Why I'm Skipping Some of My Annual Holiday Traditions This Year

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Traditions are wonderful. Having celebrations to count on year after year, to look forward to, sometimes are the very things that can tether us to joy in times of adversity. Knowing that whatever else happens, my friend Doug is going to have his annual holiday party and there will be ham, and turkey tonnato, and spicy peanut noodles and good friends and generous drinks gets me mostly through whatever else December may throw at me.

But taking on an “annual” anything can also be a burden. Because like it or not, it creates expectations and that can lead to disappointment. If and when the tradition ends, there are always people who were included who feel let down by its absence. I am as guilty of this as the next person. For many, many years my bonus brother brought me to all of his family holiday gatherings. As a Jew, I suddenly had Christmas and Easter celebrations to attend, and his family became an exuberant extension of my own. By the time I brought my husband into the fold, I had bonus aunts and uncles and cousins, many of whom had literally forgotten we weren’t actually related by blood. So, when all of the generation that hosted these grand gatherings decamped in retirement to warmer climes, and the second generation decided it was easier to just do something small on their own or to stick with the in-laws for the holidays, I suddenly found myself bereft of Christmas and Easter and Second Thanksgiving in one fell swoop.

Traditions aren't set in stone, though. They're subject to change, as is everything, and that's ultimately a great thing. Doing something just because you always have can be stressful and demanding, and suck all the joy out of the proceedings. A dear friend used to host an epic annual party that got bigger and bigger every year, to the point that it stopped being fun or affordable to host. There was no way to cut back, no way to start asking folks to BYO, she felt in many ways trapped by the event, and instead of looking forward to it, she started to dread it. It took a perfect storm of some personal issues and work travel to require the cancelling of it one year, and then she just never did it again.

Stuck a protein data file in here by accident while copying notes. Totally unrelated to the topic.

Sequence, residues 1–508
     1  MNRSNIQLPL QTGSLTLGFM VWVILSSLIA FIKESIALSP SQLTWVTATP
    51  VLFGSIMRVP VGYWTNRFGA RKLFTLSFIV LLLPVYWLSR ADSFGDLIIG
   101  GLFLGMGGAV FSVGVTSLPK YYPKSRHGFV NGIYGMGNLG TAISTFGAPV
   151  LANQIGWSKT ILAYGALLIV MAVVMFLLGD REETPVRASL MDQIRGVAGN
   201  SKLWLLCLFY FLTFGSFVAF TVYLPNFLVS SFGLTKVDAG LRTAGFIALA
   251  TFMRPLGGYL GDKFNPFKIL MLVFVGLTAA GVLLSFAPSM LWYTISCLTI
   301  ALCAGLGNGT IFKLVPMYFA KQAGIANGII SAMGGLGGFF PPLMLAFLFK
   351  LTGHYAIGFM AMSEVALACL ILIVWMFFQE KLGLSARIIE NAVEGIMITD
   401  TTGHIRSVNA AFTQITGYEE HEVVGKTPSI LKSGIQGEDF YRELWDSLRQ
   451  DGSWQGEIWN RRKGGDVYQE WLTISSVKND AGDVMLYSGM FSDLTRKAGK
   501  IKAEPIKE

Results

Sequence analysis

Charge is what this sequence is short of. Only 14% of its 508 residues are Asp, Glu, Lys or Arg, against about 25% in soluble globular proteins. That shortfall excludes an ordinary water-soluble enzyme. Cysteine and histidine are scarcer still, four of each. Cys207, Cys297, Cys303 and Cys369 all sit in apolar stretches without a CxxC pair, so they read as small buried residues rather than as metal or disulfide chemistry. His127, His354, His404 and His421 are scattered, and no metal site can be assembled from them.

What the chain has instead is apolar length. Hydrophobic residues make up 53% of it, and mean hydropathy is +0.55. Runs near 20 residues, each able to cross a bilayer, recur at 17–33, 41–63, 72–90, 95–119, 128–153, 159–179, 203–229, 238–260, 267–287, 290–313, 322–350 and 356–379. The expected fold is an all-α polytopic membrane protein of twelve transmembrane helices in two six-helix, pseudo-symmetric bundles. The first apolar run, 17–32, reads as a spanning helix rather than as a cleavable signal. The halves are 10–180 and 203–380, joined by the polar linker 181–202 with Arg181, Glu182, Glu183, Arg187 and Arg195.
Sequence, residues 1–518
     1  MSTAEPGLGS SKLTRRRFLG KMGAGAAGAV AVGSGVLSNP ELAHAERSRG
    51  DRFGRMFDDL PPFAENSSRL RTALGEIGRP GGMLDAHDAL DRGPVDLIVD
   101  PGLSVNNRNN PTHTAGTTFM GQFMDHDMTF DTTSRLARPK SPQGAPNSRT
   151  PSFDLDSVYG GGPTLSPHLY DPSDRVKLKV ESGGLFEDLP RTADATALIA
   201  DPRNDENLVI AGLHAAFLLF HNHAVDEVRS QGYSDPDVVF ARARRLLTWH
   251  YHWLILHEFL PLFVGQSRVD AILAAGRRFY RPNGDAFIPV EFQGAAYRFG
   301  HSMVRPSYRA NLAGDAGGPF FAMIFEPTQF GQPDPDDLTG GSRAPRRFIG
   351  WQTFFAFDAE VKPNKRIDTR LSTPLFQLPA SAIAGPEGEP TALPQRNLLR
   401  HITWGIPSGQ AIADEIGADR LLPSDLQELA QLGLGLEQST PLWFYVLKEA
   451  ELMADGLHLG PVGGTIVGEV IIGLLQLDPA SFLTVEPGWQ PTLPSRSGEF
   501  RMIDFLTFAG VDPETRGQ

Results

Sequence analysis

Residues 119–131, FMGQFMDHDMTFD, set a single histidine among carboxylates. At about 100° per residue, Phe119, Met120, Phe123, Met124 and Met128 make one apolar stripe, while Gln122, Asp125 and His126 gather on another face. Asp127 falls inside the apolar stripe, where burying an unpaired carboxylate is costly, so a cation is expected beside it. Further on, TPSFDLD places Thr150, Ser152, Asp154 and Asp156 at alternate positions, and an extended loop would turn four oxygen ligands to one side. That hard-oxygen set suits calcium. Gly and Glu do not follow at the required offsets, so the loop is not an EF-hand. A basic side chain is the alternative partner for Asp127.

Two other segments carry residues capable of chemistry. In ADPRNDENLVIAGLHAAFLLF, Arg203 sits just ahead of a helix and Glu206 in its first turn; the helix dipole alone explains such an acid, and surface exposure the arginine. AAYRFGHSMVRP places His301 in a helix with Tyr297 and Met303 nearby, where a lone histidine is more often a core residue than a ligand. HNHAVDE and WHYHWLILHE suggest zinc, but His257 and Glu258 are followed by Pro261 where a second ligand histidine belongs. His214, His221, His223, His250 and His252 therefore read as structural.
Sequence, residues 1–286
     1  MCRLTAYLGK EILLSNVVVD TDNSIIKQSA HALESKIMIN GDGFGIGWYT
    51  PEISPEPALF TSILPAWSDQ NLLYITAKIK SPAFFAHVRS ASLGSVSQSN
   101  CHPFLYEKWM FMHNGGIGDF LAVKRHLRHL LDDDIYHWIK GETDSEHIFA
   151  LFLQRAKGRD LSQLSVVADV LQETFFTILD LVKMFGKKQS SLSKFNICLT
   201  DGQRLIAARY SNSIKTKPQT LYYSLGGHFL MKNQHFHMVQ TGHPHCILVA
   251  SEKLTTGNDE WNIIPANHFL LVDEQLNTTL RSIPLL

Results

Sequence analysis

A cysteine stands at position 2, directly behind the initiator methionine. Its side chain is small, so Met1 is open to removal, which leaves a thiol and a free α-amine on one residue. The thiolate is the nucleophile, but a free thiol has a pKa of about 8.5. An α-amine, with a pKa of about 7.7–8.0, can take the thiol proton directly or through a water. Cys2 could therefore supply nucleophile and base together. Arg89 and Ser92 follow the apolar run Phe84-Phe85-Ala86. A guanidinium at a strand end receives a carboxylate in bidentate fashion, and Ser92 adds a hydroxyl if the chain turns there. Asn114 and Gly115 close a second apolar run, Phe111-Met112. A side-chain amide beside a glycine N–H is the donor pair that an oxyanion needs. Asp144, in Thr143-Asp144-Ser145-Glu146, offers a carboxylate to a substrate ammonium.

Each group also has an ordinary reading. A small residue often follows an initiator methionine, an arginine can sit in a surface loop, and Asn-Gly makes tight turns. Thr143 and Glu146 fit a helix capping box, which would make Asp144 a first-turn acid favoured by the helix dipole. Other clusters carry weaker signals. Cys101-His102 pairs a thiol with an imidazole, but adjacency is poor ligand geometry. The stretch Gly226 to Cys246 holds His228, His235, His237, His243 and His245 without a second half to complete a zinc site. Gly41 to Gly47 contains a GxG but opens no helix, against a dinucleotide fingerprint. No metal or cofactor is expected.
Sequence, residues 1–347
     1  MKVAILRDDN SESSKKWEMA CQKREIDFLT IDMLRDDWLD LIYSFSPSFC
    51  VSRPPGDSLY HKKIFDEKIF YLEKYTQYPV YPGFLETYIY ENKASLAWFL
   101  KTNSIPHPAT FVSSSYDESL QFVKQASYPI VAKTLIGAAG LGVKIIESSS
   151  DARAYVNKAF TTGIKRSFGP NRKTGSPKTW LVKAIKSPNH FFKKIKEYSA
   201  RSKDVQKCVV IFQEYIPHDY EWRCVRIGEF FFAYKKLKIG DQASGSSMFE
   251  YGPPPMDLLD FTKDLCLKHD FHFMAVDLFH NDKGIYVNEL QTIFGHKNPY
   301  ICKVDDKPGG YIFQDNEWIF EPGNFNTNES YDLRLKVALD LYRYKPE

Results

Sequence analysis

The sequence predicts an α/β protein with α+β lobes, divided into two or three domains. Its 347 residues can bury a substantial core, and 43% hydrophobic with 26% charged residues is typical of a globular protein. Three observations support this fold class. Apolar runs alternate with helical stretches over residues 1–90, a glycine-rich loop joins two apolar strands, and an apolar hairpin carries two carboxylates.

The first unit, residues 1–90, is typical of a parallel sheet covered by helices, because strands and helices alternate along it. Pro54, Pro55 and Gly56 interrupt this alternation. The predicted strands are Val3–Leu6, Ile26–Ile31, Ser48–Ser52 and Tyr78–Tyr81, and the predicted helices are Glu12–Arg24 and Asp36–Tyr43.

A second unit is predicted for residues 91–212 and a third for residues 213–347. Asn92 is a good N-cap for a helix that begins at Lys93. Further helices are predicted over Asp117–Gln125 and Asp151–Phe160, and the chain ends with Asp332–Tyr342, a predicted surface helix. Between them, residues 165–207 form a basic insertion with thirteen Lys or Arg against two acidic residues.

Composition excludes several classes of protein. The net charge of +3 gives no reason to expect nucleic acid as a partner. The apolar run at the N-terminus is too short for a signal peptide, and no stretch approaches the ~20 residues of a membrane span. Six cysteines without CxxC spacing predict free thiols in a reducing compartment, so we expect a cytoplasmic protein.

There is something so generous about the impulse to start an annual tradition. The last thing you want is for it to become a burden. If you are thinking about it, some recommendations: Every other year is still tradition but gives you some breathing room. Starting it as a potluck or at least an event with audience participation allows it to grow and expand without becoming an undue financial burden. Limiting it to a small select group is also a way to keep the reins tight. Making it an annual event but not necessarily on a specific day can also be helpful if it is not directly tied to the calendar. Even just hosting it the same month can be a good way to keep things flexible.

And finally, not every tradition needs to be forever. Don’t ever hesitate to take a year (or five) off, or to have one last one and acknowledge clearly that it is the last. Or to offer it up to someone else to take it over as host. The moment it stops being something you look forward to as much as your guests, or the moment life changes require that it shift or go away, that is okay too. You are allowed to put the brakes on a tradition, no matter if it is two years old or twenty. The fifteen years I spent my “ham” holidays with my extra family were amazing and a gift and I cherish those memories. The fact that everyone has moved on doesn’t diminish that, and some new traditions have emerged in their place.

I’ve made a strong return to a Jewish Christmas of movies and Chinese food, and we’ve pulled in some friends and family to share that day with us. We cozy up in front of the TV in our loungy clothes and watch something classic and funny and then go out for egg rolls and fried rice and fortune cookies. It is a lovely new tradition, and we are looking forward to celebrating again this year.

Although, if we ever get a call that our bonus family is gathering around a ham and we are invited? We’re gonna ditch the new tradition as quick as you can say Aunt Karen’s Rainbow Jello. It’s our prerogative. Our pals will get over it.

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